Re: 747 question

From:         "Larry Stone, United Airlines, 415-634-4725" <STONE_L@Eisner.DECUS.Org>
Organization: Digital Equipment Computer Users Society
Date:         27 Mar 95 01:29:48 
References:   1 2
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>No. Prior to push back the doors are properly armed. There is no
>prompting from the flight deck for this; the cabin crew informs the
>capt. that this has been done and *then* he can push back.
>The "prepare for departure" and "prepare for arrival" are simply means
>of making sure the entire crew is seated and strapped in. has nothing
>to do with arming the slides.

I'll try to describe what my observtions (as a passenger) says we do at United.
Other airlines do things differently.

At departure, when the Customer Service Representative (CSR) closes the entry
door, the First Flight Attendant (FA) annouces "Prepare for departure" or
"prepare doors for departure" or even "Arm doors for departure." This is the
signal for the other FA's to arm the doors. Note that at this point, if the
jetway is returned and the door to be opened, a "Prepare for arrival"
announcement will be made by the First FA and the doors disarmed prior to
opening a door.

Prior to taking the runway for take-off, one of the flight deck crew announces,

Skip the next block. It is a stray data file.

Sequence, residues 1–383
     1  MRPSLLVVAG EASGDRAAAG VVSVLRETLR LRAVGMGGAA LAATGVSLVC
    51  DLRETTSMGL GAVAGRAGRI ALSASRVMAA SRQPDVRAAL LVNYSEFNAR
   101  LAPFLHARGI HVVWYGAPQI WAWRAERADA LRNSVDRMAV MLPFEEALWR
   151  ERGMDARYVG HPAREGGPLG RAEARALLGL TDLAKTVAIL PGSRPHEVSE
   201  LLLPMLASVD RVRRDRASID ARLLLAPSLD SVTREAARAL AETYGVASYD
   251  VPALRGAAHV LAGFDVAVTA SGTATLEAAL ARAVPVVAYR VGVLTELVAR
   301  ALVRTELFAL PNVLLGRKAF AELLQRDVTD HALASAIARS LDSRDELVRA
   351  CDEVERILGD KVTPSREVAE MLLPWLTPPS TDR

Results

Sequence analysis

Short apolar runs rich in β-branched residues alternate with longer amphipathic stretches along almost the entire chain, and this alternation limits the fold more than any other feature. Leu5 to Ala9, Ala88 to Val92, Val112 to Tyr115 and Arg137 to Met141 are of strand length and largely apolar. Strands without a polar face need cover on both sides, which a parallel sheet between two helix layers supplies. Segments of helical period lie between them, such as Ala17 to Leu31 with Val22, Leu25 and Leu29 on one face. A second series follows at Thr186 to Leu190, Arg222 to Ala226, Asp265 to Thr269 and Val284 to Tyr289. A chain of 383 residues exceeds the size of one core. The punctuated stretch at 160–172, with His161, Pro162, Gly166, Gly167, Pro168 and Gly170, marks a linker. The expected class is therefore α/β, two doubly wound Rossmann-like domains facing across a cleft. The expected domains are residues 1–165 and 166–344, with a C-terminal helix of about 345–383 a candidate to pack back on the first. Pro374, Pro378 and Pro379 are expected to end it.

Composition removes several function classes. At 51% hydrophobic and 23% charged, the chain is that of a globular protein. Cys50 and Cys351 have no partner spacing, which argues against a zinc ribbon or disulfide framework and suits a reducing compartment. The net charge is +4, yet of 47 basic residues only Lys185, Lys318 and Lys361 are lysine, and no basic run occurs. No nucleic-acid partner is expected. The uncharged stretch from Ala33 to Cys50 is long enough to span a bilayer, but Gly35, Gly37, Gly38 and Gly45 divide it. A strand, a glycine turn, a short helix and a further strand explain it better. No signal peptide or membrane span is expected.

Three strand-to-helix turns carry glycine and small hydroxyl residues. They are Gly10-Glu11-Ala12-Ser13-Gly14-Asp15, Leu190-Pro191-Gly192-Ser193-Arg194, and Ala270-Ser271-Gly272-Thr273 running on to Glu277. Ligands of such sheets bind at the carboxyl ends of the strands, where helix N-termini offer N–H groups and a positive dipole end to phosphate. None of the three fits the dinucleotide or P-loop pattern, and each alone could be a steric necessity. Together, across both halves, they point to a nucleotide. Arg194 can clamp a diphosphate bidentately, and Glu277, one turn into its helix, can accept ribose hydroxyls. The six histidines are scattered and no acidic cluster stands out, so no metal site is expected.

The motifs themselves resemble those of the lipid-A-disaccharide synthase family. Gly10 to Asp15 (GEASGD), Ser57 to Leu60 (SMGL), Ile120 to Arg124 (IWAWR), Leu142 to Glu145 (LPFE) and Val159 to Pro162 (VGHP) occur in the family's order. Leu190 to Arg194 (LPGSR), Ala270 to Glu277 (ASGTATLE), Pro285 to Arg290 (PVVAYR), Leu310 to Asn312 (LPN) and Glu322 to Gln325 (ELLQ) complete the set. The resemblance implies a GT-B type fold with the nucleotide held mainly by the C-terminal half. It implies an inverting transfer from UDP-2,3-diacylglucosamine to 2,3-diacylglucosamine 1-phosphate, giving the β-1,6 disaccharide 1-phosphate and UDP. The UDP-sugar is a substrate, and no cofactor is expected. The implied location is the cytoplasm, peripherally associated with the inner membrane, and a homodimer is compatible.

"prepare for takeoff." This is the signal to the FA's to be seated.

About 5 minutes prior to landing, the flight deck crew announce "prepare for
landing." This is the signal for the FA's to prepare the cabin for arrival and
tehn be seated. This is also the signal to *you* to bring your seat back up,
stow your tray table, etc. Ever wonder why some passengers do it automatically
when that announcement is made and don't wait for the First FA's announcement
to do so? 

Finally, upon arrival once the seatbelt sign is off and the jetway or stairs at
the door, the First FA announces "prepare for arrival" (or "prepare doors for
arrival" or "disarm doors for arrival"). The FA then cracks the door (releases
the handle) to indicate to the CSR on the other side that the door is disarmed
and ready for opening. The CSR then opens the door the rest of the way (planes
with electric doors (DC-10, 767) are probably handled slightly differently).

Larry Stone                             | United Airlines
VAX Systems Administrator               | Maintenance Operations Center                | San Francisco, CA  415-634-4725